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Charles Hazlewood on... Tchaikovsky's reputation

Updated Tuesday 23rd January 2007

The conductor Charles Hazlewood argues that Tchaikovsky is more about passion than sugar plums.

Copyright The Open University Copyright The Open University

You might remember that Monty Python sketch when it says basically Tchaikovsky, was he a tortured genius or just a poof who wrote great tunes. Part of my mission with all of this Tchaikovsky that we’re exploring at this time is to at least assist in his, in his rehabilitation.

I’ll tell you what it’s about; it’s about conductors particularly in the years between the First and Second World War and then beyond the Second World War, some of those old dictator conductor figures. I won’t mention any names but the kind of people, Europeans, who made recordings of Tchaikovsky’s music which sold in their millions around the world and made those particular men very wealthy, which completely egged up the most saccharin and sentimental qualities of the music. And that has done such a kind of an ongoing disservice to Tchaikovsky.

And, you know, how many times has someone who perhaps loves ballet gone and seen ballet, a Swan Lake, a Sleeping Beauty, a Nutcracker, and whilst simultaneously enjoying the dance has found musical values of the lowest possible order, because that tends to be what happens in ballet. And it’s a tragedy because these are masterworks.

These pieces reinvented what classical ballet could be. Then look at Eugine Onegin or even the Queen of Spades, an extraordinary kind of detailed social realism, a kind of minute kind of exploration of what human beings do to each other and how they are within themselves. Extreme kind of psychological studies. He took the whole idea of music drama in that way way forward beyond anything that, say, Wagner had achieved. And then in the symphonies and the concertos, similarly.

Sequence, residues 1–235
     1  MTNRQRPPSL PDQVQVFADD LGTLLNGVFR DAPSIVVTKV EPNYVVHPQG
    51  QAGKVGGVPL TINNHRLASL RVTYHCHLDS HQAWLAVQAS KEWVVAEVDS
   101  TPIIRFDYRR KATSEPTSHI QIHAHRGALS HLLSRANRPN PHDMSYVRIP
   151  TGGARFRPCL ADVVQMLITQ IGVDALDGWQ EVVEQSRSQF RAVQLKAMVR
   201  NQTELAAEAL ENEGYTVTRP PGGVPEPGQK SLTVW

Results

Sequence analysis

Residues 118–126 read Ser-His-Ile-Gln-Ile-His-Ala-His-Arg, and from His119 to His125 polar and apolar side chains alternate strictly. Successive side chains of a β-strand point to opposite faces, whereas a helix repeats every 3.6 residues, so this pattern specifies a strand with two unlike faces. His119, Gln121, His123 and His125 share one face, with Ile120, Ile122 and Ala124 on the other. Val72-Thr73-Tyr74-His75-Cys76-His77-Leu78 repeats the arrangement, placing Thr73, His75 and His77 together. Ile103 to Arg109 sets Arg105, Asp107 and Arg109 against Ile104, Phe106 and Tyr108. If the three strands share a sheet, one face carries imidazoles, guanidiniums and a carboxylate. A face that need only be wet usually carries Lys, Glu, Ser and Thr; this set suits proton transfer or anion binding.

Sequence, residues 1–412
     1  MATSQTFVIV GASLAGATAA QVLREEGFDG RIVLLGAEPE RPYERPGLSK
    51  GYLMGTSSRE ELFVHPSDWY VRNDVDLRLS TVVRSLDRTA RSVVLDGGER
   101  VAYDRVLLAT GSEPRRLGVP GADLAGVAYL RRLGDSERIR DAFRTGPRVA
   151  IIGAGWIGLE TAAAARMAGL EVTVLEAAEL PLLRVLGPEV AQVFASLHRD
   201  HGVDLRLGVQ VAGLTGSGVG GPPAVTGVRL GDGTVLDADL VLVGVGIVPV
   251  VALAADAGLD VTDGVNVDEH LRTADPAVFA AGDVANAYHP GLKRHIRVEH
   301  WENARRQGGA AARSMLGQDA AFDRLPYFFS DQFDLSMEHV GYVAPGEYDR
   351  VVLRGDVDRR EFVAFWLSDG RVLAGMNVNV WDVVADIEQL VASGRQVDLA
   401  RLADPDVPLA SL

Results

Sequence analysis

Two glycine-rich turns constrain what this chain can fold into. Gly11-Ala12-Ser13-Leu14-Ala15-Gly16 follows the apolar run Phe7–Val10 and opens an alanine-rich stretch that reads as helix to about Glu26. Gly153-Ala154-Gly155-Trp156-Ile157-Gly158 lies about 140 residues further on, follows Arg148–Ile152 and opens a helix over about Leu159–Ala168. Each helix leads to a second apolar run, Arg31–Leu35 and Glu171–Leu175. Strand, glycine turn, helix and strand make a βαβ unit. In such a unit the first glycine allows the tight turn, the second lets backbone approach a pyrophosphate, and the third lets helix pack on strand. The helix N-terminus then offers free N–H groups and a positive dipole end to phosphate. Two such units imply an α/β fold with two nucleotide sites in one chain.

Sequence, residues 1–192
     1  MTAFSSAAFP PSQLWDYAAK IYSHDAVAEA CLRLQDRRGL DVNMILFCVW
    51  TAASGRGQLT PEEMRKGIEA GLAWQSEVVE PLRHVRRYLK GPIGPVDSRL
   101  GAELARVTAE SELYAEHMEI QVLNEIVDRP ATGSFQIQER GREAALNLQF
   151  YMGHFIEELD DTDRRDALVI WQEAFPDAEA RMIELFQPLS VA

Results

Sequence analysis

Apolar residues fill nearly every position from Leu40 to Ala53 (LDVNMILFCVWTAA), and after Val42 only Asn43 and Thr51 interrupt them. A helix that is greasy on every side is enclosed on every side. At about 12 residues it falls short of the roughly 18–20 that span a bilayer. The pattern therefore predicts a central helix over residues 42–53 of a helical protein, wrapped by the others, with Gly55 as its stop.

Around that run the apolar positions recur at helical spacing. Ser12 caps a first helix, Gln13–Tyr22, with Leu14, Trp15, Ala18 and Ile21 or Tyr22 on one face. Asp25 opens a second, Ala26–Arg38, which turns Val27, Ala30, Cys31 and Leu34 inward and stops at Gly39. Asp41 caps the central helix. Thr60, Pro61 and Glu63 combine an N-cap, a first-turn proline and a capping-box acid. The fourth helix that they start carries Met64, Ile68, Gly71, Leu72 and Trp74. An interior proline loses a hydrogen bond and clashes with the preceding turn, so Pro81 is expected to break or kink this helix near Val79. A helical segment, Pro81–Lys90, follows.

What I think partly is happening with the rehabilitation now is the great interpretations and the great performances by Russian orchestras like, for instance, the Mariinsky Orchestra who now, thankfully, come to Europe, and indeed to America, and they play a good deal. It’s hearing the music, hearing the sound in the kind of bleeding way that Russians make, that only Russian orchestras can and do make the sound, that somehow gives you a sense that Tchaikovsky absolutely is not this kind of chocolate box, saccharined composer that so many of those conductor figures in the early to mid part of the 20th century would have him as. I suppose they thought that was, well it just appealed to their indulgent sort of personalities. They wanted to hijack the music and somehow make it about them and their kind of great tragic trajectory, or their ability to create wonderment. Well the music deserves more than that and, frankly, it doesn’t need egging in that way. It can speak for itself.

 

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